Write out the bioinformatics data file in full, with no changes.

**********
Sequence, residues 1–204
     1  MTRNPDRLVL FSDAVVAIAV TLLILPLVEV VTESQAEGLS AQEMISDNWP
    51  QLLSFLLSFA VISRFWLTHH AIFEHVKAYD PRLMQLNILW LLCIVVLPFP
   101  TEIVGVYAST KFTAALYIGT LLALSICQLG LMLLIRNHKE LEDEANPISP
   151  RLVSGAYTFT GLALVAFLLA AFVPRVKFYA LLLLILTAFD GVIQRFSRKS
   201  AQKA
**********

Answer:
Sequence, residues 1–204
     1  MTRNPDRLVL FSDAVVAIAV TLLILPLVEV VTESQAEGLS AQEMISDNWP
    51  QLLSFLLSFA VISRFWLTHH AIFEHVKAYD PRLMQLNILW LLCIVVLPFP
   101  TEIVGVYAST KFTAALYIGT LLALSICQLG LMLLIRNHKE LEDEANPISP
   151  RLVSGAYTFT GLALVAFLLA AFVPRVKFYA LLLLILTAFD GVIQRFSRKS
   201  AQKA